Jonathan Newton / The Washington Post

On the heels of the best season in Washington baseball since the 1920s and in the midst of a sharp decline this season, the Nationals promoted franchise architect Mike Rizzo from general manager to president of baseball operations and awarded him a new long-term contract.

“Upon purchasing the Nationals, Mike Rizzo was our first hire and he has performed brilliantly,” Owner Ted Lerner said in a statement released by the team.  “We started with an idea about how baseball teams should be built and he translated it into a reality far faster than many could have imagined.  He knows the game, the players, and is a true professional.  Under his direct leadership, the Nationals have become one of the most exciting and respected young teams in baseball.”

Rizzo becomes the Nationals’ first team president since Stan Kasten vacated the position in October 2010, although Rizzo’s duties will be different than Kasten’s, who worked more on the business side of the franchise. Rizzo will maintain the same duties as before but will be able to expand his role into other areas if he wishes, said Harolyn Cardozo, Rizzo’s longtime assistant.

Specific terms of the deal are not known at this time, but it is a multi-year deal with a club option at the end.

Rizzo had been working under a tenuous contract situation. He signed his first extended contract after the 2010 season. The Nationals announced it as a five-year deal, but in reality it was a three-year pact with two team options. In the spring, the Nationals exercised a team option in Rizzo’s contract for the 2014 season. The Nationals also held an option for the 2015.

Rizzo viewed the Nationals picking up his option as more of a disservice then a reward, a person familiar with the situation said at the time. Principal Owner Mark Lerner told The Washington Times in April the sides had engaged in talks for an extension, but multiple people close to the situation said in early May those talks had not actually transpired at that time.

Negotiations between the Nationals and Rizzo started shortly thereafter and have been taking place for the past few months, Cardozo said. The talks included starts and stops, delays Rizzo induced himself as he tended to team matters. In the end, Rizzo felt grateful and rewarded.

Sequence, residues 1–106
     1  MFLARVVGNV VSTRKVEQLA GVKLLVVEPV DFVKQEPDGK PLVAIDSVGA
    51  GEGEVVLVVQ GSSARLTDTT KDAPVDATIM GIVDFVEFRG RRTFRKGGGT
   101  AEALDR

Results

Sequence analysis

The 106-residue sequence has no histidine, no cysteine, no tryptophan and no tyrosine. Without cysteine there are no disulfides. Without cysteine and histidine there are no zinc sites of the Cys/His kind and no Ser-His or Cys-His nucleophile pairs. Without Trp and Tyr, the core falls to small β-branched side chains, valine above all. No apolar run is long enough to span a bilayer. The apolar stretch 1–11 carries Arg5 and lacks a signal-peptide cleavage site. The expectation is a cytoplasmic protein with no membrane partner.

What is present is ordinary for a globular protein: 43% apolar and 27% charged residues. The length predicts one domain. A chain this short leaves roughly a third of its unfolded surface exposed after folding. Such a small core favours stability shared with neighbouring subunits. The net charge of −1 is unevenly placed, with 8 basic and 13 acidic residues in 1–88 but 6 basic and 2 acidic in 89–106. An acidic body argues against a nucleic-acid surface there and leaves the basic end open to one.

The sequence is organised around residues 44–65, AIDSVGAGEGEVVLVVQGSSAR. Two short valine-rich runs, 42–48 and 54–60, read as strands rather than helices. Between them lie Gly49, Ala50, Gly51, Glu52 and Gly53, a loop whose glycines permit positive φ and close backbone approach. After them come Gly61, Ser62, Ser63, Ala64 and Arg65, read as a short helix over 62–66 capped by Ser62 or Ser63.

“In seven years I’ve worked with him, I don’t think I’ve seen him happier than he was today for about 10 minutes,” Cardozo said. “Then he went back to work.”

Rizzo, 52, joined the Nationals in 2007 as an assistant general manager in charge of scouting. He helped build the Nationals’ farm system and became general manager in 2009 after Jim Bowden resigned following a scandal in Dominican Republic. A career scout, Rizzo had the good fortune to draft Stephen Strasburg and Bryce Harper and also reformed the Nationals with a series of aggressive draft choices and savvy trades.

“I am truly proud to be a part of the Washington Nationals and excited to be able to continue what we’ve started here,” Rizzo said in a statement released by the team. “The task of building this club from nearly expansion level – at both the minor and major league level – has been challenging, but the Lerner family has been nothing but supportive.

“We’ve made significant progress toward our goal of competing for a World Series championship, and I intend to do everything in my power to one day hand that trophy to Mr. Lerner at Nationals Park.  We’ve still got work to do, but I am pleased that ownership trusts me to get it done.”

One year after claiming the NL East with a jubilant, 98-win season, the Nationals currently sit at 52-56, closer to the last-place Marlins than the first-place Braves. Rizzo has been challenged recently by Manager Davey Johnson over the firing of hitting coach Rick Eckstein and by ace set-up reliever Tyler Clippard over the treatment of reliever Drew Storen.

The timing of the Nationals’ may appear odd with that background. But the Nationals had incentive to work out Rizzos’s contract now. Ownership wanted to cement Rizzo’s status before the Nationals hire a new manager this offseason, Cardozo said. The team did not want Rizzo to worry about his own contract as he negotiated with a new manager. It also believed the position would be more attractive if candidates saw long-term stability at the top of the organization.

Nationally, Rizzo may best be known for his role in the team’s voluntary shutdown of ace Stephen Strasburg during the playoffs last season. As Strasburg sat on the sideline while the Nationals protected his prized right arm two years after Tommy John surgery, the Nationals lost the 2012 NLDS to the St. Louis Cardinals in five games.

But the Nationals never would have made it to the playoffs in the first place without the guidance of Rizzo. His most high-profile moves have included signing outfielder Jayson Werth to a seven-year, $126 million contract in December 2010, giving franchise third baseman Ryan Zimmerman a $100 million contract extension and trading four prospect for left-hander Gio Gonzalez.

Behind the scenes, Rizzo rebuilt the Nationals’ scouting department and front offices with an array of new hires, convincing the Lerner family to devote more resources to personnel. He also made a series of smaller deals, such as trading Ryan Langerhans for Michael Morse and signing Adam LaRoche as a free agent, that helped built the 2012 team.

The Nationals have backtracked this year as new additions like Dan Haren and Denard Span have underperformed. Johnson has been openly critical about the “balance” the Nationals bullpen lacked at the start of the season.

But Rizzo has undoubtedly brought the Nationals a long way since he arrived, taking over a 103-loss disaster and taking it to the postseason four years later. The team’s owners overlooked the current state of the team to give Rizzo say in how the franchise is run deep into the future.